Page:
Efficient method for simulation of long-distance gas transport networks with large amounts of hydrogen injection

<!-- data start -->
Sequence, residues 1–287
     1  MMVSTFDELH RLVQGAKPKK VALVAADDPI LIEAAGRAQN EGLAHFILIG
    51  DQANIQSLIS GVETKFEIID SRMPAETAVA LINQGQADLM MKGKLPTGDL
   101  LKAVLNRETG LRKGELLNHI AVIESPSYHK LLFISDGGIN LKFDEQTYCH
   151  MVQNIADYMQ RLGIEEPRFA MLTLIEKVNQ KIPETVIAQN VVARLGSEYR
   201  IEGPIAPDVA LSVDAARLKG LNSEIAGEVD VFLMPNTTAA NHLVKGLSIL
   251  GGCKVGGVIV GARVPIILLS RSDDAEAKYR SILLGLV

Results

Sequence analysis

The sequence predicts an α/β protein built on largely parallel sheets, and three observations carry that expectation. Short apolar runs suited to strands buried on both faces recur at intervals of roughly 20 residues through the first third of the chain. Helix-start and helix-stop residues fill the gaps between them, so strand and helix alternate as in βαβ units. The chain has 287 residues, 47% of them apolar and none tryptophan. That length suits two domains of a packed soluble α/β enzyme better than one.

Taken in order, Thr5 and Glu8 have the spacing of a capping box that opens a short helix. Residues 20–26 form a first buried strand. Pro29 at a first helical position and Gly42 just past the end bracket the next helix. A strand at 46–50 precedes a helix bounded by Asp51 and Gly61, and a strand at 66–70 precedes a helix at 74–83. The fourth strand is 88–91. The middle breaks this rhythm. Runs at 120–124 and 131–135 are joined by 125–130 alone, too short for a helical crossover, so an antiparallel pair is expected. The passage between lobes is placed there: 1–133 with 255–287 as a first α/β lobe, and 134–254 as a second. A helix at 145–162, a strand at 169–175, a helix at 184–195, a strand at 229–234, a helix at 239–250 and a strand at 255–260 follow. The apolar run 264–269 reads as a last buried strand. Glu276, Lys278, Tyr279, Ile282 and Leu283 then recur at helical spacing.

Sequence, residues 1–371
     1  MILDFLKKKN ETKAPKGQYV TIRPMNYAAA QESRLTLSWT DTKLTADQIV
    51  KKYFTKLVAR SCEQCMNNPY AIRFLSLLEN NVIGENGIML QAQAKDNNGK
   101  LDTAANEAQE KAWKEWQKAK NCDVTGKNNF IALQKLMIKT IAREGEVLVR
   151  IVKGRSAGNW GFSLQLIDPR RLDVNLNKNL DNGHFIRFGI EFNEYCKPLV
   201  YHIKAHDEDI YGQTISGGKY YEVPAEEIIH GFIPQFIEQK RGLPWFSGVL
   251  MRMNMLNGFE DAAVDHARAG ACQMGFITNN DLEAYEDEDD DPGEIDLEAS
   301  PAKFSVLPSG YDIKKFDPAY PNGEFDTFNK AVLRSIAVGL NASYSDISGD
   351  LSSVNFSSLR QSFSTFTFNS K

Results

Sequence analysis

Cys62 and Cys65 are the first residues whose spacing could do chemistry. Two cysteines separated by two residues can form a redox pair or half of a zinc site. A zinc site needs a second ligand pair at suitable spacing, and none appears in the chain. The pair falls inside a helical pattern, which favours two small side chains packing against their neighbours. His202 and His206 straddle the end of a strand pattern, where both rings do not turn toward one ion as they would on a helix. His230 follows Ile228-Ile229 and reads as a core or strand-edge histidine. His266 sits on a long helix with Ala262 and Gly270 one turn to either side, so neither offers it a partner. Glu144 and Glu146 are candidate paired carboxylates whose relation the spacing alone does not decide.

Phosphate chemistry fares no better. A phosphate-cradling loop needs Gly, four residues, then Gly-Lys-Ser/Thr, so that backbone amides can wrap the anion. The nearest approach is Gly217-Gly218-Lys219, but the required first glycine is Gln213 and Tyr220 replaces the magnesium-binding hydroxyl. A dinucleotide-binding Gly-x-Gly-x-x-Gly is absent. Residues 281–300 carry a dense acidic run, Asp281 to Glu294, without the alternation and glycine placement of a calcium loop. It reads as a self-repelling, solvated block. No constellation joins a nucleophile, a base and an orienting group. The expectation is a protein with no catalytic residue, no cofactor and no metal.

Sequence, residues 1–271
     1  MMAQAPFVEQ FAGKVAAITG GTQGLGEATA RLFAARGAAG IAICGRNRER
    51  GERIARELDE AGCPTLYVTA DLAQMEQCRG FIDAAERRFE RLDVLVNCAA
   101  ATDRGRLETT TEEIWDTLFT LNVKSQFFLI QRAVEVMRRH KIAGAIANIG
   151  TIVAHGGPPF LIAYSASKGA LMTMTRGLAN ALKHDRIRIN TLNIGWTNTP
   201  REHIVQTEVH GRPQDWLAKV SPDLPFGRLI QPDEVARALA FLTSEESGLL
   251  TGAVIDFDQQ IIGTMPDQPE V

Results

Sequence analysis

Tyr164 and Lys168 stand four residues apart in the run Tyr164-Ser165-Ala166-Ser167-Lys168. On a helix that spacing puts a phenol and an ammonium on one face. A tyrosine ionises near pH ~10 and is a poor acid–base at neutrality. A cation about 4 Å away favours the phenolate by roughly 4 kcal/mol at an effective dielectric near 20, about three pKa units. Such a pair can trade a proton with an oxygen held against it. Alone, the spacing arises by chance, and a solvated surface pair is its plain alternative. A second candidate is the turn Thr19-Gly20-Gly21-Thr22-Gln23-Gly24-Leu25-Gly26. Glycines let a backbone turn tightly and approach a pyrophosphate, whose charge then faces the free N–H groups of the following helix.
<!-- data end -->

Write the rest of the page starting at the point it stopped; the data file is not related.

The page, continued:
For a transformation of current energy infrastructure towards 100% renewables, pipeline systems for natural gas have to be converted to ones for transporting hydrogen or synthetic gases containing hydrogen; this process needs intense planning and optimization based on simulations. Since known simulation tools were designed for natural gas primarily, they are expected to be not accurate enough for scenarios with hydrogen fractions above 10%. Hence, an efficient method for simulating transport of gases from renewable resources as well as impacts of hydrogen injection into gas networks is developed. This includes a method for setting up scenarios for analysis of impacts to long-distance networks for a country based on state-wise transient estimates for wind excess power. The simulation method employs transient non-isothermal Euler equations with the most recent equation-of-state of the European Gas Research Group (GERG-2008), a gas law allowing for hydrogen fractions up to 100 percent, and an approach for shifting compressor characteristics according to gas composition. In case of hydrogen and realistic scenarios, pressure ratios are between 1.025 and 1.075 only. For testing the overall method, a novel set of realistic long-distance gas transport scenarios with hydrogen injection nodes based on a study of wind power as well as power-to-gas plants installed in the federal states of Germany as well as a simple pipeline model for testing biogas, syngas, natural gas and hydrogen qualities were developed. Both models are analyzed with GERG in comparison with the commonly used alternative, showing that GERG is more accurate; depending on gas composition and scenario, differences between the commonly used detailed gas law and GERG can accumulate up to 2.8% in pressure and 6% in velocity for exemplary gases and a simple pipeline model with 100 km length. Additionally, the simulation process with GERG is at least as fast as with the commonly used gas law. Overall, GERG should be used. Moreover, results for the German transport scenarios indicate that with larger hydrogen injections, considerable flow shifts and locally quite different gas compositions over Germany can be expected, and a pure hydrogen network would need large additional injections, favorably from the northwestern part of Europe.